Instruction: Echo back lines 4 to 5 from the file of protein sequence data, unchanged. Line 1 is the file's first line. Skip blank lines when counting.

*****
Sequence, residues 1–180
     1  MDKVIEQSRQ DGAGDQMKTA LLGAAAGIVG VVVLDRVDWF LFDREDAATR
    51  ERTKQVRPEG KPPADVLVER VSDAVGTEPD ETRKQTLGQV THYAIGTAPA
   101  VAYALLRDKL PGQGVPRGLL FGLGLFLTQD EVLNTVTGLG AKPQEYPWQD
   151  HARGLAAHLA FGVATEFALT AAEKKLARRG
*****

   101  VAYALLRDKL PGQGVPRGLL FGLGLFLTQD EVLNTVTGLG AKPQEYPWQD
   151  HARGLAAHLA FGVATEFALT AAEKKLARRG